(Corrects to state CrossFit Fayetteville is in Arkansas.)
This edition of “Virtuosity” features the CrossFit Games Open, in which hundreds of thousands of people test their fitness every year.
The Open is a special time for CrossFit athletes, but it doesn’t come without some trepidation as people challenge themselves to beat previous records and achieve new levels of fitness.
In “Every Rep a Victory,” Jillian Sharp explains… Continue Reading
On Episode 371 of CrossFit Radio, host Justin Judkins interviewed the athletes atop the CrossFit Games Open Leaderboard after workouts 15.1 and 15.1A: Maude Charron and Nick Urankar. This episode was webcast on March 4, 2015.
3:01 Maude Charron was virtually unknown until she crushed 15.1 and 15.1A to edge out defending CrossFit Games champion Camille Leblanc-Bazinet by 4 points in the overall standings. Charron, who has a… Continue Reading
To Rachel McInnis, CrossFit is “everything.” She’s 14 years old and can deadlift more than twice her body weight. She’s been doing CrossFit with her dad at Carlsbad CrossFit in California for more than a year, and she wants to win the CrossFit Games someday.
CrossFit Games athlete Marlene Andersson explains how she’s grown to love her adopted Middle Eastern country.
It was 93 F at the StubHub Center.
The heat of the midsummer sun made the Triple 3—3-km row, 300 double-unders, 3-mile run—much tougher than it should have been. Needless to say, men were shirtless for the most part, while women wore little more than booty shorts and a sports bra. Except one.
Marlene Andersson, an expat Swede… Continue Reading
Maureen O’Hagan examines the dearth of females in the upper ranks of CrossFit coaches.
Pop quiz: Name three people who coach CrossFit Games athletes.
If you follow the Sport of Fitness at all, you’ll have no trouble. Bergeron. Martin. Chapman. Hyland. And so on.
Now for Part 2: Name three top female coaches—that is, women who coach Games athletes.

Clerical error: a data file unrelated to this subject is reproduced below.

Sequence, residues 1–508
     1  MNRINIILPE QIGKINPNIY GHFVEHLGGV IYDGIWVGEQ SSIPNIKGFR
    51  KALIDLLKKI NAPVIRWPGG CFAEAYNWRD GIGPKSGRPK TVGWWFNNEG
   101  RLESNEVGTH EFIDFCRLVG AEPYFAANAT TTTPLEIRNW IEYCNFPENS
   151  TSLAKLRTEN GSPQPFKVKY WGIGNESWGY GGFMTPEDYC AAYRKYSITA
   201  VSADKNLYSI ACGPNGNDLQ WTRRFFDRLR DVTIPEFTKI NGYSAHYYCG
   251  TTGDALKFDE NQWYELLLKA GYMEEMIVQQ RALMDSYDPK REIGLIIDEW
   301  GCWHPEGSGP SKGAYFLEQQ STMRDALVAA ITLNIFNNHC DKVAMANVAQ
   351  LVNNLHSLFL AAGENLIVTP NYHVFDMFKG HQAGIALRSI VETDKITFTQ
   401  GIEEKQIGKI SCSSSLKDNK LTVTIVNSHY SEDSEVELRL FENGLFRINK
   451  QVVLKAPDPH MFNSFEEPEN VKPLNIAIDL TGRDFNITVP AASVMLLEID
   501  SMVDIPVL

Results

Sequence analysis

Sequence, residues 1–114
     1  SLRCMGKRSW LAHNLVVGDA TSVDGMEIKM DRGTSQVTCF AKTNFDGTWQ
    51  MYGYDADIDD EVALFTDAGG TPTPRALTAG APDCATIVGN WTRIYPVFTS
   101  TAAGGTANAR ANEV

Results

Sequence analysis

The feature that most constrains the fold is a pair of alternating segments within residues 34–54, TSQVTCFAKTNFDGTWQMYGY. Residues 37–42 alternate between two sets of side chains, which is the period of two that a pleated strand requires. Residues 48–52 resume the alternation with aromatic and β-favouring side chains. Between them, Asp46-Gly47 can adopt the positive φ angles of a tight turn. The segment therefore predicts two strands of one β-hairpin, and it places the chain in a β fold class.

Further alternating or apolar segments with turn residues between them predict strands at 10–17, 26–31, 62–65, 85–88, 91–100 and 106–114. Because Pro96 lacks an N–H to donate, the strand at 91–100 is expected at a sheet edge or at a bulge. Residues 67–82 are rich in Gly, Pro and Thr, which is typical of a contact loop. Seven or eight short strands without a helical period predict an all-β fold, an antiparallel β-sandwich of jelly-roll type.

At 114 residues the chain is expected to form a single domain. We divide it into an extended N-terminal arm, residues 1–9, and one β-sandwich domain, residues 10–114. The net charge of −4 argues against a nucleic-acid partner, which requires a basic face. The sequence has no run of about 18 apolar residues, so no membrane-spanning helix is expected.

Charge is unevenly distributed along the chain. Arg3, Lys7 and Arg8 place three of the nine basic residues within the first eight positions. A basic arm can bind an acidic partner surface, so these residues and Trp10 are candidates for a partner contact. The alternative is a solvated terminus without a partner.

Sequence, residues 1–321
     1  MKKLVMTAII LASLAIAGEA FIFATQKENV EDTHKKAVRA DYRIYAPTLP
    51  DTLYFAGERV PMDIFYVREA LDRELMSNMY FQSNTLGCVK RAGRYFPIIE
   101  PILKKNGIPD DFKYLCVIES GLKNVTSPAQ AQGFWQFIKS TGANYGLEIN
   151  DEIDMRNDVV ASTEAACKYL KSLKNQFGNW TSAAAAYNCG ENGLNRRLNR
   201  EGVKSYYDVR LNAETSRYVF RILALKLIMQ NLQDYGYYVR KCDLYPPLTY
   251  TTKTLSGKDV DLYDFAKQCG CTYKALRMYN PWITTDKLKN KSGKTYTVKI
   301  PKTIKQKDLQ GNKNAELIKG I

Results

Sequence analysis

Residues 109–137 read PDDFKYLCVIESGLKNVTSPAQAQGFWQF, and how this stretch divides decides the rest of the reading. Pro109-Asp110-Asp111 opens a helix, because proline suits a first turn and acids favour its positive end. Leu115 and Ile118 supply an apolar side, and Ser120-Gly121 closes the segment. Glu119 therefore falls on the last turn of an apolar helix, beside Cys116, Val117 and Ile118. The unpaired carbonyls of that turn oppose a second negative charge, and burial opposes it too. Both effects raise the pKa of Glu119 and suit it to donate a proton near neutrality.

We posed this question to nearly a dozen longtime CrossFitters, and here’s what they came up with:
Eva Claire Synkowski, said… Continue Reading
Rich Froning overcomes all adversity and pressure to stand atop the CrossFit Games podium for the fourth consecutive year.
He looked determined, almost angry.
It was seconds before Sunday’s Midline March at the 2014 Reebok CrossFit Games—the first individual event of the final day. Three-time champ Rich Froning awaited the buzzer.
Between these athletes and the finish line were 3 rounds of 25 GHD sit-ups, a 50-foot handstand walk and 50 feet of… Continue Reading
Emily Beers finds the tests of the 2014 Reebok CrossFit Games are more mental than physical.
When I qualified to the CrossFit Games, I was ecstatic. Overjoyed. Just happy to be there. My original performance goal was humble at best: not to come dead last. And I accomplished that by finishing 37th.
But the problem with being competitive is you never enjoy being near the bottom—even when your competition happens to be the entire world.
A look below the top of the podium at the CrossFit Games.
Rich Froning was high-fiving volunteers on the evening of July 26.
It had been one of the longer days of competition, with athletes starting just after noon with the Muscle-Up Biathlon and ending around 9 p.m. with the Push Pull. Froning had spent the afternoon and evening digging out of a hole created by a poor performance a day prior, when the fittest man on… Continue Reading